Ketamine Effects, Risks, and Addiction Treatment
This page will discuss the club drug ketamine and its effects, ketamine addiction, and how to seek help for ketamine misuse.
What is Ketamine?
Ketamine is used medically as an anesthetic (mostly in veterinary practices) or to treat disorders like severe depression and anxiety when other treatments haven’t worked.1
When used illicitly, ketamine is a dissociative drug. Dissociative drugs are hallucinogens that can make a person feel separated from reality.2
Prescription forms of ketamine are injections or nasal sprays, while illicit ketamine is often sold as a powder or liquid.2
The Drug Enforcement Agency (DEA) labels ketamine as a Schedule-III controlled substance, indicating the potential for misuse but a low probability of forming dependence.1,3
How is Ketamine Misused?
Ketamine can be misused in a variety of ways:1
- The powder form of ketamine is often snorted in small lines or “bumps.”
- The liquid form may be injected directly into a person’s vein.
- Both liquid and powder forms may be mixed in a drink or added to marijuana or tobacco before smoking.
It is also common for the drug to be mixed with or used in conjunction with MDMA, alcohol, cocaine, or other substances.4
Because of ketamine’s sedating properties, the drug is also used as a “date rape drug” to incapacitate victims.5
Ketamine Effects and Dangers
Effects and risks of ketamine use may include:2
- Dreamlike states.
- Difficulty paying attention.
- Memory loss.
- Elevated blood pressure.
- Bladder pain and ulcers.
- Kidney problems.
- Stomach aches.
- Respiratory depression.
If ketamine is used intravenously, the person is put at a higher risk of contracting bloodborne illnesses like HIV/AIDS and hepatitis from sharing the needle with others.2
Can You Overdose on Ketamine?
Yes, it is possible to overdose on ketamine. Common signs of a ketamine overdose include:4
- Slow or shallow breathing.
- Vocal cord spasms, which are usually seen with intravenous delivery.
- Low blood pressure.
- Slow heart rate.
Overdose is often the result of combining ketamine with other drugs.4
Ketamine overdose requires emergency medical intervention.
Ketamine addiction—or ketamine use disorder—is the continued, uncontrollable use of ketamine, despite it causing significant harm to one’s health, career, or relationships.6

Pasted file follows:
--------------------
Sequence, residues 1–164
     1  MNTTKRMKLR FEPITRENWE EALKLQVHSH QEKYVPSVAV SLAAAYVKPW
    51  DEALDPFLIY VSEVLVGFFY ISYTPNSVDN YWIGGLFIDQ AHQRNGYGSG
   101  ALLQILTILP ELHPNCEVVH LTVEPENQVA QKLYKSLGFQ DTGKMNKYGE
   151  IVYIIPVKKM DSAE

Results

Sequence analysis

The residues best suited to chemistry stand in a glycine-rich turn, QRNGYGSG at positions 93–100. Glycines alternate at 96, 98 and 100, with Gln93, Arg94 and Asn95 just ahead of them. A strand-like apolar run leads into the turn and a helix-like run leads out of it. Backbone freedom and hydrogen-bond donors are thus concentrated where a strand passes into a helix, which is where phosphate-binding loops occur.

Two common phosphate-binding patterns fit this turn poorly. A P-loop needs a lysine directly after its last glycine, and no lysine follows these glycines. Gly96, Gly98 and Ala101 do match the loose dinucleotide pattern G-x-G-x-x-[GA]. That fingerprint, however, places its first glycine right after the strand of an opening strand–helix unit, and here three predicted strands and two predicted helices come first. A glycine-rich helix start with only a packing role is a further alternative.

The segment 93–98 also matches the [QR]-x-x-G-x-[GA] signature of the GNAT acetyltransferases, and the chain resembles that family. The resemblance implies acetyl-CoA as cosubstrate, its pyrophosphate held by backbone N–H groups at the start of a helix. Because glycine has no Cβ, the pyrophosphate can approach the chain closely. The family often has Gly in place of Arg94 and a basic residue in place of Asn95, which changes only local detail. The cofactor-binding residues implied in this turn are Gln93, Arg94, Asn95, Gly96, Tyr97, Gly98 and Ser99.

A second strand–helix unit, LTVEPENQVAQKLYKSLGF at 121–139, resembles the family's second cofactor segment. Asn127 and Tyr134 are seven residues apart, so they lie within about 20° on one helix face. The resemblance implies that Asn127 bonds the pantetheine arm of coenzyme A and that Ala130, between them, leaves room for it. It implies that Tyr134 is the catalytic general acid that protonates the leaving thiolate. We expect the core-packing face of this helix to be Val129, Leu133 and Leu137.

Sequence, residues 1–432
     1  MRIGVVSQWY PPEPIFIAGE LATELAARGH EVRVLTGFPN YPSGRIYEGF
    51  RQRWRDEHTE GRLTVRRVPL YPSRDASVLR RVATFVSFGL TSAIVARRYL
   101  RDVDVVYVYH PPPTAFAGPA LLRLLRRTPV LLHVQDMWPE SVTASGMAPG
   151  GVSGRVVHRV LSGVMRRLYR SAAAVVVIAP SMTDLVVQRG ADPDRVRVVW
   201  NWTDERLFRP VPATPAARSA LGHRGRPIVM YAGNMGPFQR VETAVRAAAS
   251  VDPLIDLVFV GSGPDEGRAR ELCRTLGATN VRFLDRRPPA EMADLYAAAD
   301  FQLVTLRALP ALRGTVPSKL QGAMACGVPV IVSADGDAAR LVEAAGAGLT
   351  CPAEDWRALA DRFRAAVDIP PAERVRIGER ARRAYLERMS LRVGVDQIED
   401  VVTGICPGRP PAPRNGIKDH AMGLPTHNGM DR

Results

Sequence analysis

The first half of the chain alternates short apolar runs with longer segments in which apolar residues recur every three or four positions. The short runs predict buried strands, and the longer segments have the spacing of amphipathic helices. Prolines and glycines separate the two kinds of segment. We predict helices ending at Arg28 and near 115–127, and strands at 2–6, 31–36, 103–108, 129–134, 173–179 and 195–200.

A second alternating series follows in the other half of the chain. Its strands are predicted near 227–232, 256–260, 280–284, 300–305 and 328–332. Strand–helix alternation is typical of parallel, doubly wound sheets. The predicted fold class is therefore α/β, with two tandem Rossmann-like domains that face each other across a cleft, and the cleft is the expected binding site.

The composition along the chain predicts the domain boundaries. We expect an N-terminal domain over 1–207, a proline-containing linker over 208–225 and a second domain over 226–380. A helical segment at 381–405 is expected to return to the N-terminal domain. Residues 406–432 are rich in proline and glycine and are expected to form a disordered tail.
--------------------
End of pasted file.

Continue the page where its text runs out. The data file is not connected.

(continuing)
When diagnosing ketamine addiction, professionals use the criteria outlined in the Diagnostic and Statistical Manual of Mental Disorders, Fifth Edition (DSM-5). These criteria are as follows:6
- Ketamine is taken in higher doses or for a longer period than intended.
- Expressing a persistent desire to quit or control ketamine use or making multiple unsuccessful efforts to do so.
- Excessive time is spent trying to obtain and use ketamine or to recover from its effects.
- Experiencing cravings for ketamine.
- Recurrent ketamine use results in the inability to complete major obligations at work, school, or home.
- Continuing to use ketamine despite repeated social or interpersonal problems caused by the effects of the ketamine.
- Important social, occupational, or recreational activities are given up or reduced because of ketamine use.
- Using ketamine in situations in which it is physically hazardous, such as driving or operating machinery.
- Ketamine use is continued despite the knowledge that one has a persistent or recurring physical or psychological problem that is likely to have been caused or made worse by ketamine use.
Exhibiting 2 or more of the above criteria in a 12-month period would result in a positive diagnosis for ketamine use disorder.6
Though there are some reports that stopping the use of ketamine may cause withdrawal symptoms like anxiety, irritability, and changes in sleep patterns,4 the need for medical symptom management is rare.7
Ketamine Addiction Help
Effective treatment facilities utilize the following evidence-based approaches when treating ketamine addiction:8
If you or a loved one is living with ketamine addiction, call to begin the admissions process. Our compassionate admissions navigators guide you through how to use your insurance coverage to pay for treatment or explore other ways to pay for rehab if you do not have insurance.